“What does the music ask you to do? Not the band, not the client, not the producer, not even yourself. What does the music require?”
When we think of a recording studio, our minds might jump by default to the storied, big-budget studios of Nashville and L.A. that appear on movie screens. But like the Michelin star restaurants of the world, quality can often be found in unlikely places.
On the intersection of Main Street and Mystic Ave in Medford, Massachusetts, the Soul Shop, built and operated by Elio DeLuca and Patrick Grenham, stands as a working analog recording shrine with a commitment to providing an affordable studio experience whilst retaining world-class quality.
DeLuca is a man of many hats. He is a first-rate engineer, a multifarious piano and keyboard player, and an inspiringly opinionated Bostonian. I connected with him virtually to ask him about the story of his self-built studio and his approach to record making.
Operating since 2007, the Soul Shop came from a frustration that nothing of the sort existed in town—an analog recording studio in a spacious, live sounding room, for an affordable rate.
“Anywhere where you wanted to record to tape was $1000 a day,” DeLuca recalled. “Or, the places you could afford, the [tape] machine in the corner was like a fetish object, it wasn’t really a workhorse. People didn’t know how to use that shit.”
While many older pieces of gear such as tape machines have been relegated to the role of furniture objects as digital recording becomes the norm, DeLuca maintains a commitment to the seemingly old-fashioned ritual of analog recording. And he knows what he is doing.
“A tape machine is like a vintage car,” he says. “You can keep it in the garage and it looks good, but if you drive it everyday it will break down. You have to know how to fix it.”
DeLuca always had an apt visual metaphor at hand. The building itself, formerly a piano restoration shop, has been around for more than a century and a half. Continuing in the musical tradition of the building, Elio prides himself on converting it into a spacious, live sounding studio.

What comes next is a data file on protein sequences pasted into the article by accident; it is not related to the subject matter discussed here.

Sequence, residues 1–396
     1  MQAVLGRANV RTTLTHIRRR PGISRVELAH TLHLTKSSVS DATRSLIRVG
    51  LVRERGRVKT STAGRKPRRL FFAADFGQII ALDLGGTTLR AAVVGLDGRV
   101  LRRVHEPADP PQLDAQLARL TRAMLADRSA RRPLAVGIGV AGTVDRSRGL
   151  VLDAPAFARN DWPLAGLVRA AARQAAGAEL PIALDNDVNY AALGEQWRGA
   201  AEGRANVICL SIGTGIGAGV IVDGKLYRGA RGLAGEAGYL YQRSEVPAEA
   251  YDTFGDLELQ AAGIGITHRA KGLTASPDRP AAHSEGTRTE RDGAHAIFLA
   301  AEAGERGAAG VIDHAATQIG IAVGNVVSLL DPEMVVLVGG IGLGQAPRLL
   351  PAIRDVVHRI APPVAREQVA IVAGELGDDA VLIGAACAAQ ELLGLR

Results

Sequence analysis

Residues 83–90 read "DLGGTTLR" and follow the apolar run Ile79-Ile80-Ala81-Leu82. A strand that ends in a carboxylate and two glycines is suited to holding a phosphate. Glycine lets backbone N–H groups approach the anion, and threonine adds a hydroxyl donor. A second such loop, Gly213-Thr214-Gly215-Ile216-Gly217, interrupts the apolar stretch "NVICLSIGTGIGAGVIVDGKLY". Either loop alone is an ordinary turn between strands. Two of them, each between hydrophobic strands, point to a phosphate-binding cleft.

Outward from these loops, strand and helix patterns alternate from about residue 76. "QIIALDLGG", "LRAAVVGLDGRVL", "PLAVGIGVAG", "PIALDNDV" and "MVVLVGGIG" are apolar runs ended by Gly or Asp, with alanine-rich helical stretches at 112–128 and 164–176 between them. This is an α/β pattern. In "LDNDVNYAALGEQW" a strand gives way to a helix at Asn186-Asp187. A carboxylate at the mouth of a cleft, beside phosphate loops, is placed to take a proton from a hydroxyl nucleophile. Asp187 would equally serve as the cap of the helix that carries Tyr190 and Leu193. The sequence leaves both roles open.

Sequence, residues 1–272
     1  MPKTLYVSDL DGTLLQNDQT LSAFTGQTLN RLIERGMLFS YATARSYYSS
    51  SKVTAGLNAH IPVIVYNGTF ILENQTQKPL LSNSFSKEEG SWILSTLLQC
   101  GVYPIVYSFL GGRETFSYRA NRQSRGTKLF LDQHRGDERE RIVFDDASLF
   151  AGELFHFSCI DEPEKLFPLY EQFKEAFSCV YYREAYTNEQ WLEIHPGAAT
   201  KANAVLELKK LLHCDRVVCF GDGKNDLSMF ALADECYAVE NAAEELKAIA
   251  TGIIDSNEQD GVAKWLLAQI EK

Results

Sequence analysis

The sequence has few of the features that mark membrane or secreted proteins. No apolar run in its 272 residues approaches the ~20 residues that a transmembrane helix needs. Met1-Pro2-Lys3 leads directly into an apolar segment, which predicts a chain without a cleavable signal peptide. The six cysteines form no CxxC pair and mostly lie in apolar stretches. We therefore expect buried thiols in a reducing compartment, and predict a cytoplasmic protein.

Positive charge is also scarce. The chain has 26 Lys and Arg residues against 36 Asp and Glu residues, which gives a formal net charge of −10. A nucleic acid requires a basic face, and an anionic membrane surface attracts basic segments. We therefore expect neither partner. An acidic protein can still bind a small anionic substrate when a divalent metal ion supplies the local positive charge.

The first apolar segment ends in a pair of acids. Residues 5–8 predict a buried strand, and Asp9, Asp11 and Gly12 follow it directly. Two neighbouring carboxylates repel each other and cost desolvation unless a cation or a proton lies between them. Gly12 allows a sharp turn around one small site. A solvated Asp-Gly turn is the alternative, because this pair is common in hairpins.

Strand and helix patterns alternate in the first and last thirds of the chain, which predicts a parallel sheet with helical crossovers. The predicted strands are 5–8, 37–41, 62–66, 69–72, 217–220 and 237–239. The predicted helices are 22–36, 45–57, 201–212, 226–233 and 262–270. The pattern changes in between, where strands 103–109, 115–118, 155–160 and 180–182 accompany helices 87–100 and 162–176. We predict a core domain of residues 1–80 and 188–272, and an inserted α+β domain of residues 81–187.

We ran through the differences and similarities between analog and digital recording. The main difference is that on tape, there is no Undo button. Once you’ve run out of tape, that’s it. The nature of digital recording allows one to hit that Undo button endlessly, or page through seven-hundred menus of synth sounds, for example.
Deploying another one of his visual metaphors, according to DeLuca, “Opening up the whole parameters of possibility, that’s enough rope to hang yourself.” He explained: “A little bit of limitation, I’ve always found that to be an advantage.”
The important takeaway is that even though the mindset may be different between the two mediums, good songwriting and good musicianship eclipses everything. As DeLuca lovingly put it: “How about you go out there and make a masterpiece. What’s stopping you? It’s not the medium, it’s not your choice of analog versus digital. I know that for a fact.”
Much of DeLuca’s philosophy in the studio involves eliminating artificialities in the recording process, striving to capture the most natural sound possible. A record-making trend developed in the 1980s suggested isolating musicians while playing so the sound from one instrument would not bleed into the microphone of another instrument. DeLuca, showing his subversive side, responds, “They’re not covered in fuckin’ blankets when they are on stage, and the drummer isn’t wearing headphones in a separate room looking at his bass player on a closed circuit T.V. when they are on stage, so lets just see if that’s necessary, and spoiler alert, it’s fuckin’ never necessary.”
For DeLuca, recording shouldn’t be some sterile, formulaic process. He sums up his approach poetically, “What does the music ask you to do? Not the band, not the client, not the producer, not even yourself. What does the music require?”
The Soul Shop houses loads of musical equipment, much of which DeLuca has found and restored himself, purchasing old, unloved pieces and returning them to their former glory. “I spent a lot of time finding deals on something that was busted and putting it back to stock, putting it back to working order,” he said.
The wall of vintage amplifiers, world-class microphones, an arsenal of keyboards, and a Steinway Model M grand piano are among the gems.
“It’s a big thing for me at the shop when someone comes in [that] it’s not a pile of stuff that’s all sort of barely there,” DeLuca added. “If you see something [in the shop], you’re gonna be able to use it.”
The studio has been hit hard by the pandemic, not having had a live session since March of 2020. DeLuca hopes to open his doors again as soon as it is safe to do so, and to put his impressive collection of gear back to use making music. The shop started as all analog, but has since expanded its capabilities to include digital recording as well. DeLuca is well versed in both mediums, but in keeping with the spirit behind the name of the Soul Shop, he first and foremost seeks to eliminate artificialities to allow the soul of the music to breathe, regardless of the medium in which it is recorded.
Tristan Geary is a jazz pianist and composer based in the Boston area. A recent graduate of Bard College in upstate NY, Tristan has been playing and composing for many years. His writing has appeared in Sound of Boston, The Dog Door Cultural, The Arts Fuse and GBH.
Tristan is a jazz pianist and composer based in the Boston area. A recent graduate of Bard College in upstate NY, Tristan has been playing and composing for many years. His writing has appeared in Sound of Boston, The Dog Door Cultural, The Arts Fuse and GBH.